Note that I am not specifying any brackets here that this is just one thing. Whenever the value of ADR is 0123456 or seven, whenever you reach any of these eight value, this base AR one will be considered covered. So I just want to make sure that you don't think there are eight beans that are covered or created here. They are only there's only one way because there are there is there are No brackets here. So similarly a second beans is created to cover the values eight to 15. Now what I'm doing is I'm creating two crosses.

First I'm creating a cross between color the enum, and the address AR. And then I'm grading across between AR and offset. So, as I said here in the in this particular case, we're not because I'm not specifying any means at all. Then the simulator will create four bins because offset is to be applied. Here like I just said, ar one covers at FL zero to seven and here to cover it set as well as a 215 to two bins are created. So the cross of color and yellow color is basically a three bit enum three values.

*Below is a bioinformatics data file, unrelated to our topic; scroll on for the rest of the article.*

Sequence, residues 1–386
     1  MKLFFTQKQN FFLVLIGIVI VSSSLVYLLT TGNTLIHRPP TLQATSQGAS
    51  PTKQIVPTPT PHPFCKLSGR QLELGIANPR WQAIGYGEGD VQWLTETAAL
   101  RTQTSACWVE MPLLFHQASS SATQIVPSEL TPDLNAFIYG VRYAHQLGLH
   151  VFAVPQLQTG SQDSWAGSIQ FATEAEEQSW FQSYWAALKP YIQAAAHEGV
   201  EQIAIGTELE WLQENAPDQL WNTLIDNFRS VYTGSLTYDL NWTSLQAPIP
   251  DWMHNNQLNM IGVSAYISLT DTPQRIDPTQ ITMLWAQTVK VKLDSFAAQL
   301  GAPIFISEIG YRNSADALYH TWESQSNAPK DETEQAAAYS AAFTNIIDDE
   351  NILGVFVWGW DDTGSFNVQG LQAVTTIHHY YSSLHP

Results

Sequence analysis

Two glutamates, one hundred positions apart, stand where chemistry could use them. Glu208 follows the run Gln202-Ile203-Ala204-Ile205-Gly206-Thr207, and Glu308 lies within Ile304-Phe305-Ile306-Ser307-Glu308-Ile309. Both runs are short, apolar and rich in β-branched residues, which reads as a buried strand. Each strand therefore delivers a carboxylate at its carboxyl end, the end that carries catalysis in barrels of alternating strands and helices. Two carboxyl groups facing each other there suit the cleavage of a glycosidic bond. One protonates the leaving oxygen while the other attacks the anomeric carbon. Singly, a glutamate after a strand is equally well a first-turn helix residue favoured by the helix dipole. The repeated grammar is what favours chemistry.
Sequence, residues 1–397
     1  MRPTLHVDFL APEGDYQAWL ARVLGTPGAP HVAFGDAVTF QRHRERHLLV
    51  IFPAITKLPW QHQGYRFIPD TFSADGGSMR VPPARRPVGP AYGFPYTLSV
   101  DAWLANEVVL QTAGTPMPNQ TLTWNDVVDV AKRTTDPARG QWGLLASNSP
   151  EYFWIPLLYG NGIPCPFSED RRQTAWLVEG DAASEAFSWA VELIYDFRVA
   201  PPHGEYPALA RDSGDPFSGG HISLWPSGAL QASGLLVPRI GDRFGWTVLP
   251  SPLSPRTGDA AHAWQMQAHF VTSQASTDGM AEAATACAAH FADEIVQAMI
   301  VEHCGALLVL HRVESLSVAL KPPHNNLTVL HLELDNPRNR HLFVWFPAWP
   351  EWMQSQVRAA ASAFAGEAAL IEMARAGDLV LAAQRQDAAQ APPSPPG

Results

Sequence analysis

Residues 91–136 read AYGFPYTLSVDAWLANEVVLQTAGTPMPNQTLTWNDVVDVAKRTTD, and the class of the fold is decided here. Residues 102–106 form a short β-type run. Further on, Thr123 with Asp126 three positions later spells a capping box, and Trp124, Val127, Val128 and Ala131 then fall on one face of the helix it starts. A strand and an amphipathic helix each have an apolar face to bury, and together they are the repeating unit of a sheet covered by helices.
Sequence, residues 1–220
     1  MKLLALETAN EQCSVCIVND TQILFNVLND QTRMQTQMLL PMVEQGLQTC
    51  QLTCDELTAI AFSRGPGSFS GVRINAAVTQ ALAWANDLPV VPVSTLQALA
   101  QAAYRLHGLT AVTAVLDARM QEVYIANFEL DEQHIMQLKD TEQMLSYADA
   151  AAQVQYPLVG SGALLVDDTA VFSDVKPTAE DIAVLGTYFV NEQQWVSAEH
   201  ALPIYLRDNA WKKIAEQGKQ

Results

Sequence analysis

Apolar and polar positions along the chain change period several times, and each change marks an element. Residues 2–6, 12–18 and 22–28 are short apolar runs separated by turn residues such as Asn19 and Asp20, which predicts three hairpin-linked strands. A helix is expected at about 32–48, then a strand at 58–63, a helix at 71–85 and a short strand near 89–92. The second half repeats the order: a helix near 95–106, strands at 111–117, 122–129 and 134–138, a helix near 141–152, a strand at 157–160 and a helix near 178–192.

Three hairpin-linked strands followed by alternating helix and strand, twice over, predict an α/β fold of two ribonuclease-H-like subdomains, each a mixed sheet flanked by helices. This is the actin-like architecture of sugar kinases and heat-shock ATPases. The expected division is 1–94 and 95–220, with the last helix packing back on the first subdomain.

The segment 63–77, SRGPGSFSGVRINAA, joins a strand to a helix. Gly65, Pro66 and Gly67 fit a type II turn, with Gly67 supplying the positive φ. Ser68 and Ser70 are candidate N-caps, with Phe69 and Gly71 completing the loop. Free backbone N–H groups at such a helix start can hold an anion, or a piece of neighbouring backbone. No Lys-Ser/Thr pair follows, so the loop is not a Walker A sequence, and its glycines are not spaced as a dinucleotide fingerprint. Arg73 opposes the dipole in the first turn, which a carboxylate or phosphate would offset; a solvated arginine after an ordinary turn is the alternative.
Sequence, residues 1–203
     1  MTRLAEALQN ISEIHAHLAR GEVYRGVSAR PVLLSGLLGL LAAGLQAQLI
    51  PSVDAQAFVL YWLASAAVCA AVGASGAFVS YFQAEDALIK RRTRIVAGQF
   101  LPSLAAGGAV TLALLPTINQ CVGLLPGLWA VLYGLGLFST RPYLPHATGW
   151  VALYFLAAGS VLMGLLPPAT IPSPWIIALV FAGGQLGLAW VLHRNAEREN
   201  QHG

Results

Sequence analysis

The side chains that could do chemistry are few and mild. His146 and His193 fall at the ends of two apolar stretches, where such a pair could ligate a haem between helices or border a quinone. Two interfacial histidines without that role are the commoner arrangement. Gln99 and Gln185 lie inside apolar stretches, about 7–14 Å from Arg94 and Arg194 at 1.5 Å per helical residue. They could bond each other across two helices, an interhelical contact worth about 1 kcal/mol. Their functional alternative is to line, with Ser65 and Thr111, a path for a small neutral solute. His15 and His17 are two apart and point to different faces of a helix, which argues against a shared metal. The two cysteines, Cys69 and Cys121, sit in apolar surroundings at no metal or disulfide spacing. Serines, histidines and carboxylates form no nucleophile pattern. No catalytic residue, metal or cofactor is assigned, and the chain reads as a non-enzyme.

And AR. AR here has two bins. So basically You're going to create total cross cover point six, three of color into address. And similarly, we are going to create a cross between AR and offset AR has two bins and offset at explicit four bins. So, the total crossover points are equal to eight photo for offset cross we do have address. And this is just to make a point that you can have a counterpoint for variable.

Go color. As you can see, I've created the core pen only for offset. And only for ADR, I have not created a counterpoint for color. And still I'm doing a cross with it. So explicitly for enum types you don't need to explicitly create a core point. Even though I haven't shown it here.